As a hazard prevention measure, Deutsche Telekom, its technology partners and customers form a cyber security alliance.

Smart response to hackers.

Every minute, a faceless hacker somewhere in the world perfects another cyber attack. Making it faster, shrewder, more aggressive. Not to mention more brutal, vicious and ruthless. This army of bad guys works relentlessly to build sophisticated new virtual weapons and to refi ne existing attack methods. So where are the good guys who will stand up to them?
Author: Thomas van Zütphen
Illustration: erhui1979/Getty Images 

Who says that hacking targets – which, in 2016, included 93 percent of large and mid-sized German companies – always have to defend themselves on their own? Plenty of organizations hire IT service providers. But in these days of non-stop cyber warfare, it’s risky to hire an IT firm that excels at its bread-and-butter business, but capitulates when faced with a high-tech phalanx of cyber criminals.
Far from giving up, Deutsche Telekom has taken up a strong stance and, on January 1 of this year, consolidated all of its security resources – including nearly 1,200 security experts – into Telekom Security. This new Group unit operates an independent business segment of T-Systems. “Our customers are in the middle of digitizing. For me, digitization is characterized by the trifecta of security, the cloud and the Internet of Things. And of those three things, security is what makes a successful digital transformation possible in the first place,” said Anette Bronder, the Director of Telekom Security, who also oversees the Digital Division at T-Systems. “We incorporate security into the development of products and business models right from the start.”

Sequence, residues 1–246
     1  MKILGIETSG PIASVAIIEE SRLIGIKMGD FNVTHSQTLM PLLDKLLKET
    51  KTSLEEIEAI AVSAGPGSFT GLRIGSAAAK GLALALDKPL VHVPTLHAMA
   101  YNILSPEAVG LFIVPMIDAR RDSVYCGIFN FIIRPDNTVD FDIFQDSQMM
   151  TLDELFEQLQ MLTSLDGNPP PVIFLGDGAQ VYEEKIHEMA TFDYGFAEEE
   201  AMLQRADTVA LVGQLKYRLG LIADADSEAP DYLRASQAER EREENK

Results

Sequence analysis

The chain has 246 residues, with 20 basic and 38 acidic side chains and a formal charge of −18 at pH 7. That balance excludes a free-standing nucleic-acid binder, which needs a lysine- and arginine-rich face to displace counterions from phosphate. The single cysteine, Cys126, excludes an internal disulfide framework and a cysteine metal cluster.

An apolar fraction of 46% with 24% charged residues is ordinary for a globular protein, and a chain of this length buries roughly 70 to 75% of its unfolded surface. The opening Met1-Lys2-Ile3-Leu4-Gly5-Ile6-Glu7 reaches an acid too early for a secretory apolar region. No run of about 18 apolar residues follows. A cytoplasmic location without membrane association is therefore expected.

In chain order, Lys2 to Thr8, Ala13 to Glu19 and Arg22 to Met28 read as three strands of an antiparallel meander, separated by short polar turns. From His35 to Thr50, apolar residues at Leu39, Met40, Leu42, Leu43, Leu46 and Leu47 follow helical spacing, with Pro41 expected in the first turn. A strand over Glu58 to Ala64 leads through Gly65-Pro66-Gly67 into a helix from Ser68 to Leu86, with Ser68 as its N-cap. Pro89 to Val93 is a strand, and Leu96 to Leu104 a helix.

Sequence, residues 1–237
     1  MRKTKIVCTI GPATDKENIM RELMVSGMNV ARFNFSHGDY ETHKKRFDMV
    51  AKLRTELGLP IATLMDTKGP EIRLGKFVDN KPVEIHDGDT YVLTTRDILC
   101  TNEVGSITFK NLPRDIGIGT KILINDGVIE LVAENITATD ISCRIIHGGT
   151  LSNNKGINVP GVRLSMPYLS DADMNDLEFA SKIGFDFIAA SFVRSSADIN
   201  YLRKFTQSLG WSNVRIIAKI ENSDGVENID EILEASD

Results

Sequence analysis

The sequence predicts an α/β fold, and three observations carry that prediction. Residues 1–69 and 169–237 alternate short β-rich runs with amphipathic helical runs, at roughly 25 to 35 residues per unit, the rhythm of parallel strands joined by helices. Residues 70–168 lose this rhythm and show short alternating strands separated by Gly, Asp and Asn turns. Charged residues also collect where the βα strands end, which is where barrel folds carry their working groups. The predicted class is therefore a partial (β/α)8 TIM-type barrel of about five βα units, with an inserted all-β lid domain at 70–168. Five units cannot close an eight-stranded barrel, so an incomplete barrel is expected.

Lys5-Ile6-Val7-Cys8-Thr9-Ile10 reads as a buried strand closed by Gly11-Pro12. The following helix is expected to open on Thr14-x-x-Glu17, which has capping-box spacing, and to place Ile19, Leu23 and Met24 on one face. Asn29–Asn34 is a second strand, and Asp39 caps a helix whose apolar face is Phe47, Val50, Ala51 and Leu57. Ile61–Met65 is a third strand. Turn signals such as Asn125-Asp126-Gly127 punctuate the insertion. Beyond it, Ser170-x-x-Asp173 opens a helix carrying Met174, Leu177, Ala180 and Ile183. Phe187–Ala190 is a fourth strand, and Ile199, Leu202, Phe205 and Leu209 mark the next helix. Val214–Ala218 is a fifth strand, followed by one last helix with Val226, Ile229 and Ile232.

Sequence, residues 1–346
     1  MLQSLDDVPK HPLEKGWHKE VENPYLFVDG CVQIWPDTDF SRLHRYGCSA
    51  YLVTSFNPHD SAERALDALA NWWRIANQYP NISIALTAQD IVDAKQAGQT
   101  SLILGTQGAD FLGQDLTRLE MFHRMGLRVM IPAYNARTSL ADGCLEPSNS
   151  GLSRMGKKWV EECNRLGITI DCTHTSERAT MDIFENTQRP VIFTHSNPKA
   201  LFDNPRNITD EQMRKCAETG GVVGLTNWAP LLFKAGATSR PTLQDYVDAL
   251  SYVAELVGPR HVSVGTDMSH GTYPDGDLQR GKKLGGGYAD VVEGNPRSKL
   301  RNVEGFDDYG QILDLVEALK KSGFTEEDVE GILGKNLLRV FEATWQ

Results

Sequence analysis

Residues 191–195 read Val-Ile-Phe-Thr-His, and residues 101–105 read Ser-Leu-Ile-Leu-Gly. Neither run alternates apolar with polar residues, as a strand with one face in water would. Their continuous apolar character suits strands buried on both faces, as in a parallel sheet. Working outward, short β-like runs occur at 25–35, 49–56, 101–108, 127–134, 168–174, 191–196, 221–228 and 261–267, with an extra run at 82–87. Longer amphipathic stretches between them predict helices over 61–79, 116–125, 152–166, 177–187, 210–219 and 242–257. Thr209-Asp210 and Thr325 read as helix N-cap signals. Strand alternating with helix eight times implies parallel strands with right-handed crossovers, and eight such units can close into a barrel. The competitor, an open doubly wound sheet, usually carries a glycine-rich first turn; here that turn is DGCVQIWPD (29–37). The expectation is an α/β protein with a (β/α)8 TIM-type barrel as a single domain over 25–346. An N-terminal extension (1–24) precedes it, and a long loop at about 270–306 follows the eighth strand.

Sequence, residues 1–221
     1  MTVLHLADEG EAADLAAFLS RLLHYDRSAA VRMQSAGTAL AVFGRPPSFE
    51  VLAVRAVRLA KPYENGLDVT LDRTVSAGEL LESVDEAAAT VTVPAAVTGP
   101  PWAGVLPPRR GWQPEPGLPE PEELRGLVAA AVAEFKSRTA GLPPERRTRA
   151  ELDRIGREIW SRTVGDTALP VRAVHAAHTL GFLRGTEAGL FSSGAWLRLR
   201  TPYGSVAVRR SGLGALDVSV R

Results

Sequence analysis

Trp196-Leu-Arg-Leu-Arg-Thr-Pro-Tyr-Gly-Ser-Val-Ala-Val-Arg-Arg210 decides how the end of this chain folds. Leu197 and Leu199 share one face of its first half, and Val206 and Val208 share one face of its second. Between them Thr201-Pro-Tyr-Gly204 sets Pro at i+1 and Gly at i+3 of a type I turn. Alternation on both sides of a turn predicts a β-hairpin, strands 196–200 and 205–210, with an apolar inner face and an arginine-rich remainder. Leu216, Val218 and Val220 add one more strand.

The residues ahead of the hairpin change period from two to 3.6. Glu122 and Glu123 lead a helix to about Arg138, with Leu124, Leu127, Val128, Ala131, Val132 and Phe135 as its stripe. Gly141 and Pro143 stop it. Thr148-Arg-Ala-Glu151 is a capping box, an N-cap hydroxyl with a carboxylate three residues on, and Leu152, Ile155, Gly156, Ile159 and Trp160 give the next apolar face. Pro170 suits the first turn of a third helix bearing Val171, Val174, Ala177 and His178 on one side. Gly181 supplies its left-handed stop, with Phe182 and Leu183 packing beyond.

Deutsche Telekom is more than ready for the challenge, if only because of its own unique history. For over 20 years, in-house security specialists have been safeguarding Deutsche Telekom as a critical piece of infrastructure with 225,000 employees worldwide. They secure networks, data centers, mobile devices and data communications for Deutsche Telekom’s customers. “It just makes sense to offer our customers the same highly professional tools that we use for our own protection,” said Dirk Backofen, Head of Telekom Security (see interview with Dirk Backofen). “Our customers range from blue chip corporations to small and mediumsized market leaders in carmaking, mechanical engineering, chemicals, pharmaceuticals, energy and finance.” The market is worth EUR 13 billion in Europe alone and is slated to grow seven to eight percent every year until 2020.